1. Hi Sam, thanks for dropping in.

    I wonder if there are more applicants for online community jobs because managing a social network is sooo addictive? Or that might just be me…

    And you are right about companies upping their community integration and therefore needing more moderators – but not many of them realise that they need more highly skilled staff than standard customer service. Or at least brilliant training – few customer service staff have to deal with (as well as fraud), paedophiles, suicidals, in-real-life threats, pornography posted, flame wars, and tantrum throwing divas. A stressful day at the office can be really stressful. Ask the sky handling partner. :p

  2. Laurel,

    Is this an IT job, though?

    This is a big problem with the new crop of “Web 2.0” roles. Are they IT, marketing, communication? Or a combo of all of them?

    Personally, I like to see these roles not in IT (even given your point about the salary differences). IT people are not generally the best communicators and these are essentially communication roles – caring less about the technical set-up and more about building the community.

    Having spent 16 years in IT, one of the attractions of my current role as a web communication manager was that it was in Corporate Affairs, not IT!

  3. Yah I hear ya Pommmiieeeeee. I heard some women from FITT (Females in IT) complaining there were no true ‘geek girls’ anymore. That we were all ‘marketing’ or ‘project managers’ with no engineering or programming background. But I kept my mouth shut. I might do PHP and MySQL courses for my own amusement (hi Ric!) but I’d rather be known as a marketing person. Preferably a well-paid, well-dressed, well-respected marketing person, but I’ll take what I can get. 🙂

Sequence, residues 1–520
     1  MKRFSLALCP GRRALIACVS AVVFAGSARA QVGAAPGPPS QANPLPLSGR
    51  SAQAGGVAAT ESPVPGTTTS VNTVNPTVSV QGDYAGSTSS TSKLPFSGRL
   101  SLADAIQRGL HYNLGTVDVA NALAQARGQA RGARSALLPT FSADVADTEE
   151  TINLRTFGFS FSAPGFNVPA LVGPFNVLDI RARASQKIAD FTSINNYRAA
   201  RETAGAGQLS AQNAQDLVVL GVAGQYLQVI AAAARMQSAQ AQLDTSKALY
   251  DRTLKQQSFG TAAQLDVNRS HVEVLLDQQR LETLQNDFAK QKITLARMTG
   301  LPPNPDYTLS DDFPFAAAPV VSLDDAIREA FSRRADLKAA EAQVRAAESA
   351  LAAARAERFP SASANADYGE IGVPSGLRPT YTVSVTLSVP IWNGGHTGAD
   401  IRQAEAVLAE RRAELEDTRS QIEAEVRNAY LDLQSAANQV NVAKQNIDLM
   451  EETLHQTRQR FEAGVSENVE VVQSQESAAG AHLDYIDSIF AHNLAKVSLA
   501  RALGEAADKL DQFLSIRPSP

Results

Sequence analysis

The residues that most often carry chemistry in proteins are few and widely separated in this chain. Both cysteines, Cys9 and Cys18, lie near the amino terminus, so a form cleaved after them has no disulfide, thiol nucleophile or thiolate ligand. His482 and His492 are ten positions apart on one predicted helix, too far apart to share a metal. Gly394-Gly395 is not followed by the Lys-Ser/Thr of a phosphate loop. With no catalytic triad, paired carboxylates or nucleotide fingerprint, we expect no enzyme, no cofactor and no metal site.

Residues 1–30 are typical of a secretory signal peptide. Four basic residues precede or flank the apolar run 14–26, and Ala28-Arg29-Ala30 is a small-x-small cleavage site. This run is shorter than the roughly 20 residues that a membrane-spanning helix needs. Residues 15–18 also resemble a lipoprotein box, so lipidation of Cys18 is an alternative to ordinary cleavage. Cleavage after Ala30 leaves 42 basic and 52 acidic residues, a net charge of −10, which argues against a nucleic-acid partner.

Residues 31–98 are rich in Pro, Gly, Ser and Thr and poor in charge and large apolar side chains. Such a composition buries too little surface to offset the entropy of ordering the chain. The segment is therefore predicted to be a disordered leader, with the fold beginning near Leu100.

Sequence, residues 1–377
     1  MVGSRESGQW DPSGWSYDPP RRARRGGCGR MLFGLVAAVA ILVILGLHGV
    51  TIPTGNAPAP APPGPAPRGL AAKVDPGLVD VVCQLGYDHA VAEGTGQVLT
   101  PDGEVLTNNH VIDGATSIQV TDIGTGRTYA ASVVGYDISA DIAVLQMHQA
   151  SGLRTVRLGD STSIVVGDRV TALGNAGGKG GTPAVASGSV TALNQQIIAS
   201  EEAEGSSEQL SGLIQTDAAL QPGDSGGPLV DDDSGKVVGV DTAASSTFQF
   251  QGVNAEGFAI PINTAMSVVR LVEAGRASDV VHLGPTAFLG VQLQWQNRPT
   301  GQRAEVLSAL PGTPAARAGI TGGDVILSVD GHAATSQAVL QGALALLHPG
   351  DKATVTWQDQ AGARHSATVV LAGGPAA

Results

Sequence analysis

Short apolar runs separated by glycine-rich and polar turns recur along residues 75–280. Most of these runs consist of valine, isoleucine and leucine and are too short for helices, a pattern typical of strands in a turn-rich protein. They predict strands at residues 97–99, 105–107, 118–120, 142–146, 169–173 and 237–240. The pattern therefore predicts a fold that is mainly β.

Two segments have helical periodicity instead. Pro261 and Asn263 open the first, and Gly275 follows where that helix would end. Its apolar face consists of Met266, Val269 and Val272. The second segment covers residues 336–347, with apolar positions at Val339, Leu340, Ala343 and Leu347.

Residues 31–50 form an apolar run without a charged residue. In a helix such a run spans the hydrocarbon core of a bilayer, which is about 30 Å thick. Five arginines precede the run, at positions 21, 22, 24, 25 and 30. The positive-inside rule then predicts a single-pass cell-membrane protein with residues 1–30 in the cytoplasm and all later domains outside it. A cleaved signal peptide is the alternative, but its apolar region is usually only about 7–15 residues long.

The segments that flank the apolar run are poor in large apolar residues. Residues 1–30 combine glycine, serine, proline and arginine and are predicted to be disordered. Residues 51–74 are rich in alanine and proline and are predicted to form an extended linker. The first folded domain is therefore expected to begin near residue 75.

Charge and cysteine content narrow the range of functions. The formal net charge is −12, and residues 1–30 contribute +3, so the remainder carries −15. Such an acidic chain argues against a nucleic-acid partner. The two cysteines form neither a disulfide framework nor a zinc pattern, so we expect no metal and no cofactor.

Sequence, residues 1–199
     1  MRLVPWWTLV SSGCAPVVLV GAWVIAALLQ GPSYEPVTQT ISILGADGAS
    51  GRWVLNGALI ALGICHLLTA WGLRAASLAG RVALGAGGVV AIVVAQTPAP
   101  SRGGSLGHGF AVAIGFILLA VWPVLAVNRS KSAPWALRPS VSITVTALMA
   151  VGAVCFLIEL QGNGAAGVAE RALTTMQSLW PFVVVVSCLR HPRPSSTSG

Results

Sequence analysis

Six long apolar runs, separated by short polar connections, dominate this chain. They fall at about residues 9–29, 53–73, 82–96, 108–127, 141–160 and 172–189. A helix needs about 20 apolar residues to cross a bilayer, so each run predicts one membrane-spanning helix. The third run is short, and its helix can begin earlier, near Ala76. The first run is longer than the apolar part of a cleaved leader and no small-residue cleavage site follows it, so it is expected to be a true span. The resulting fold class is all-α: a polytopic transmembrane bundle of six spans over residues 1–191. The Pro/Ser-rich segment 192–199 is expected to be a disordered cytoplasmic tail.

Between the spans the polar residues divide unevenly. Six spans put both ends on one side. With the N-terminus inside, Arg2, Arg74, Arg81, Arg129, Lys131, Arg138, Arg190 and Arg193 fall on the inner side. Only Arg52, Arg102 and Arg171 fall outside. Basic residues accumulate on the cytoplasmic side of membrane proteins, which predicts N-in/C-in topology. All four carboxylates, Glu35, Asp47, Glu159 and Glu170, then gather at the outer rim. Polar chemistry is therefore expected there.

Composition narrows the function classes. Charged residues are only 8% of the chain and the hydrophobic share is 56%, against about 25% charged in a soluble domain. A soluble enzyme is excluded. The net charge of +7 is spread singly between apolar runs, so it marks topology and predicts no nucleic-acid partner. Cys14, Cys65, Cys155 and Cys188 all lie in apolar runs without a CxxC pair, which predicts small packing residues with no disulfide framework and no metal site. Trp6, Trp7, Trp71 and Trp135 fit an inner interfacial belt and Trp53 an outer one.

For me the title is not so important – but I do know that media agencies die when they have to employ a skilled Web 2.0 savant that has web dev understanding and a good grasp of technical/telco skills.

    There’s been a lot of talk at Digital Skilling for the Future type conferences about not enough skilled workers around – highly specific programming skills combined with a BROAD understanding of multiple-industry trends. Like, we are meant to be founts of all knowledge. Yet cheap. No wonder there are jobs languishing unfilled in IT.

    On the other hand, I know a web developer creating a brilliant site, with podcasts and everything heh – salary is $32,000 a year (Aussie dollars). Craaaazy. I’m pretty sure that that might be standard in media, but it ain’t in IT. And she’s GOOD.

  4. Hiya…thanks for the comments about the site, we’ll get out of beta eventually.

    I’m not sure whether it’s a UK thing on the salary front, but there’s a severe shortage of IT/tech roles over here. Probably even worse than in other areas of new media. We’re finding that editorial and community roles tend to attract much more applicants, and that’s why the salaries haven’t risen as much.

    Anecdotally, there’s an increase in the number of community editorial/moderation roles that are being advertised as everyone “social networks” up their offerings.

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